A monologue from Fox News Channel's Tucker Carlson has provoked vigorous debate among Christian thought leaders and writers, particularly about populism and the breakdown of the family in America.
Carlson's 15-minute segment on Jan. 2 highlighted economic trends and social phenomena currently at work in the United States that have led to widespread discontent and a fracturing society. His comments were said in the context of the public and visible divisions among political conservatives vying for influence in the Republican party, particularly Sen. Mitt Romney's, R-Utah, comments criticizing President Donald Trump's leadership and the direction he's taking the nation in a New Year's Day Washington Post editorial.
Carlson posited that while the Republican party is the only party to salvage the nation, liberal and conservative politicians alike are not in tune with what is happening and are thus proposing ineffective solutions.
"We are ruled by mercenaries who feel no long-term obligation to the people they rule. They’re day traders. Substitute teachers. They’re just passing through. They have no skin in this game, and it shows. They can’t solve our problems. They don’t even bother to understand our problems," Carlson said of the elitist mentality operating in government.
This is not limited to the United States, he said, pointing out that this is occurring across the globe where populist movements of many stripes are rising up.
Social conservatives in the U.S., he continued, assert that the main problem plaguing America is the disintegration of family and nothing can be repaired before that is fixed. But those same people support market-based economic policies that crush families.
"Both sides (liberals and conservatives) miss the obvious point: Culture and economics are inseparably intertwined. Certain economic systems allow families to thrive. Thriving families make market economies possible. You can’t separate the two. It used to be possible to deny this. Not anymore. The evidence is now overwhelming."
Writing in the National Review Friday, David French argued that Carlson had misdiagnosed the problem.
"American public policies are flawed, yes. The American people are imperfect, yes. But any argument that American elites (a group that includes, by the way, enormous numbers of first-generation college grads and people who worked brutal hours to achieve economic success) represent an uncaring, indifferent, exploitive mass is fundamentally wrong," he opined.
"In fact, the better argument is that well-meaning Americans have spent their money poorly (on ineffective charitable programs and destructive welfare policies), not that they don’t care."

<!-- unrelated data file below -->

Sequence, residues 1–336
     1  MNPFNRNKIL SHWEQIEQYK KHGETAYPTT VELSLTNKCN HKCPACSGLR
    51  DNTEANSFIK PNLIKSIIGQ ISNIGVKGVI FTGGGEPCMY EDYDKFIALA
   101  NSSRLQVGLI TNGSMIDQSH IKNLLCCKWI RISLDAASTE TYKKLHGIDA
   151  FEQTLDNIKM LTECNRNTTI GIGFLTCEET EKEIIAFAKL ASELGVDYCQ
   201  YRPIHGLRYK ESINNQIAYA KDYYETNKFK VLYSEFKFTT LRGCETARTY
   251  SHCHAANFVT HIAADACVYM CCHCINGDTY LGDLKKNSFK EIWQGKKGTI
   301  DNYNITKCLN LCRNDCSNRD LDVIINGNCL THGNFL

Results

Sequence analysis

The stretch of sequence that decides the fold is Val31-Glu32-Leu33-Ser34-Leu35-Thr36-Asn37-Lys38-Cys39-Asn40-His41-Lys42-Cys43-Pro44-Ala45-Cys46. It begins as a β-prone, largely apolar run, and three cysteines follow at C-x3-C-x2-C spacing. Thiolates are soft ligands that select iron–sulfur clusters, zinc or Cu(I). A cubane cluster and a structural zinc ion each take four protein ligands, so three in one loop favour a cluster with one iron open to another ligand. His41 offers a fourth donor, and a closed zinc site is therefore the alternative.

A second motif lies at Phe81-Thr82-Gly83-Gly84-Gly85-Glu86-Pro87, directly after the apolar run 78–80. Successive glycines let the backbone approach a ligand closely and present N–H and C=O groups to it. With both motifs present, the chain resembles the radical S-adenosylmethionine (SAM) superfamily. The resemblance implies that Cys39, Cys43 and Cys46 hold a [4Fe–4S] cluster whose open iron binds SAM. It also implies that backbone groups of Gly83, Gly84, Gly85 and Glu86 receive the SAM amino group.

America is not being destroyed but challenged, French said, disagreeing with Carlson.
"Carlson and populists on the left have accurately identified a host of American problems. Our declining life expectancy alone should be a blaring wakeup call that despite our prosperity, something is seriously amiss in American life and American culture."
"The fundamental building block of any family is still your love, your discipline, and your fidelity," he asserted.
Others said that elites and major forces have indeed shaped the factors that have contributed to social breakdown, particularly the collapse of the working class family, and that French had underplayed them.
"The dissolution and de-stabilization of working-class family life is not simply a reflection of people making bad choices or being irresponsible. Its also about major changes in American society that have had a disparate impact on the working class and (earlier) the poor," Brad Wilcox, senior fellow of the Institute for Family Studies, tweeted Saturday in response to French.
Economic shifts have mostly benefited those with higher incomes and have destabilized work in many working-class communities, he said.
"Public policy — in the form of means-tested programs like Medicaid and tax policies like the EITC — now penalizes marriage especially among the working class."
Both secular and religious civic institutions have failed the working class, he stressed, noting that no large-scale religious ministries exist for young adults not on the college track.
"Our elites embrace a marriage-oriented culture for themselves and their kids in their *private* lives, but do nothing in their *public* roles as culture makers, educators, business executives, journalists & legislators to strengthen marriage," he added.
Such dynamics extend to parenting and technology, he said referencing an October New York Times article about Silicon Valley titans who place strict limits on their own children's smartphone usage.
"Its also time for conservatives to realize that appeals to personal responsibility or pull-yourselves-up-by-your-bootstraps rhetoric is necessary but *not* sufficient," he said.